As 2019 draws to a close and I start to get excited about spending money I don’t have on Apple products I don’t need in 2020, now is a good time to look back at the past year in the world of the Mac. Did Apple do right by its loyal computer fans, or were we treated to another year of disappointment and heartache (one day Tim Cook will reply to my emails…)?
When taken together, the changes Apple made in 2019 point towards a year of fixing things. Whether that meant showing it still cared about pro users or putting right wrongs of the past, 2019 was a good year for the Mac because Apple actually listened.
Let’s dig into the details and see what exactly went right — and wrong — for the Mac in 2019.
Ever since the 2016 redesign, buying a MacBook Pro has always felt like something of a compromise. Yes, you got first-class build quality, but you also got the failure-prone butterfly keyboard. Yes, you got powerful i9 processors, but they could easily get thermally throttled. Even worse, Apple seemed determined to merely tweak and adjust the MacBook Pro rather than tackle these problems head-on.
That all changed in 2019 with the release of the MacBook Pro 16. As we said in our review, there was nothing revolutionary or innovative about this MacBook, but that’s not what we wanted. We wanted a proper, comfortable keyboard — and we got it. We wanted better thermal performance so our components didn’t get throttled — and we got it. And we wanted a more modern design with thinner bezels — and we got that too.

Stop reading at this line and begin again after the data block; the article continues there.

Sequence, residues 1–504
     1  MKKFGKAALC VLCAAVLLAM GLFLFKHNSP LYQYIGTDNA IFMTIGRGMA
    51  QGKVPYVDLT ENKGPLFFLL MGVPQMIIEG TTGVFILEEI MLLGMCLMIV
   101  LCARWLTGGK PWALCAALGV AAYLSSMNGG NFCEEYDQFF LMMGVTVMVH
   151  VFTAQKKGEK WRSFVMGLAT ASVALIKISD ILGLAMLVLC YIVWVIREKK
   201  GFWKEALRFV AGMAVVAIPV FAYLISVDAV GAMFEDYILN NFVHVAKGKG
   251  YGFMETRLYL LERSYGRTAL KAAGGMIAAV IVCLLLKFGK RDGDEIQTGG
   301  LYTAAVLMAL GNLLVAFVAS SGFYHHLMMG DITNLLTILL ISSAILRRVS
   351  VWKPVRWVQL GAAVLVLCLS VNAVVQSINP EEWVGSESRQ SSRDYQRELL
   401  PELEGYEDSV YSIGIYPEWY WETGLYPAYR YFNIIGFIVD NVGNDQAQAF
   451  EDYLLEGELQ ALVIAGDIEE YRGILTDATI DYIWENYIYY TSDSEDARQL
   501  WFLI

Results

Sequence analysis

If that had been that, we could have gone home happy. But Apple gave us even more: the best speakers you’ll find on any laptop, period; vastly improved performance in pro apps; and a larger battery that, while not anywhere near the best in the industry, still gives you plenty of juice when you stack the device with high-end components. Apple even added in a physical Esc key as the cherry on the cake.
Given the rough few years the MacBook Pro has gone through, the MacBook Pro 16 was a huge relief, and by far the best MacBook Apple has released in years. Apple listened to its customers, and we think most of them will be very pleased with the outcome.
There’s an old adage that no one hates Apple as much as Apple fans, and that’s doubly true for pro-level Mac users. For years, Mac forums and comment sections have been filled with people complaining that Apple has been “dumbing down” or has forgotten its pro users. Well, the new Mac Pro proves that’s no longer the case.